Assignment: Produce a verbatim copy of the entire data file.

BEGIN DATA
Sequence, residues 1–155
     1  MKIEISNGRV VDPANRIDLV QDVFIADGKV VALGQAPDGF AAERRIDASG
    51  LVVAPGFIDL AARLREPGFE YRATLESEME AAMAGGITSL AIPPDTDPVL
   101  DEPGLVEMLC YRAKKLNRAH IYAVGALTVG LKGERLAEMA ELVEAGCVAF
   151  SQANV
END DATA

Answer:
Sequence, residues 1–155
     1  MKIEISNGRV VDPANRIDLV QDVFIADGKV VALGQAPDGF AAERRIDASG
    51  LVVAPGFIDL AARLREPGFE YRATLESEME AAMAGGITSL AIPPDTDPVL
   101  DEPGLVEMLC YRAKKLNRAH IYAVGALTVG LKGERLAEMA ELVEAGCVAF
   151  SQANV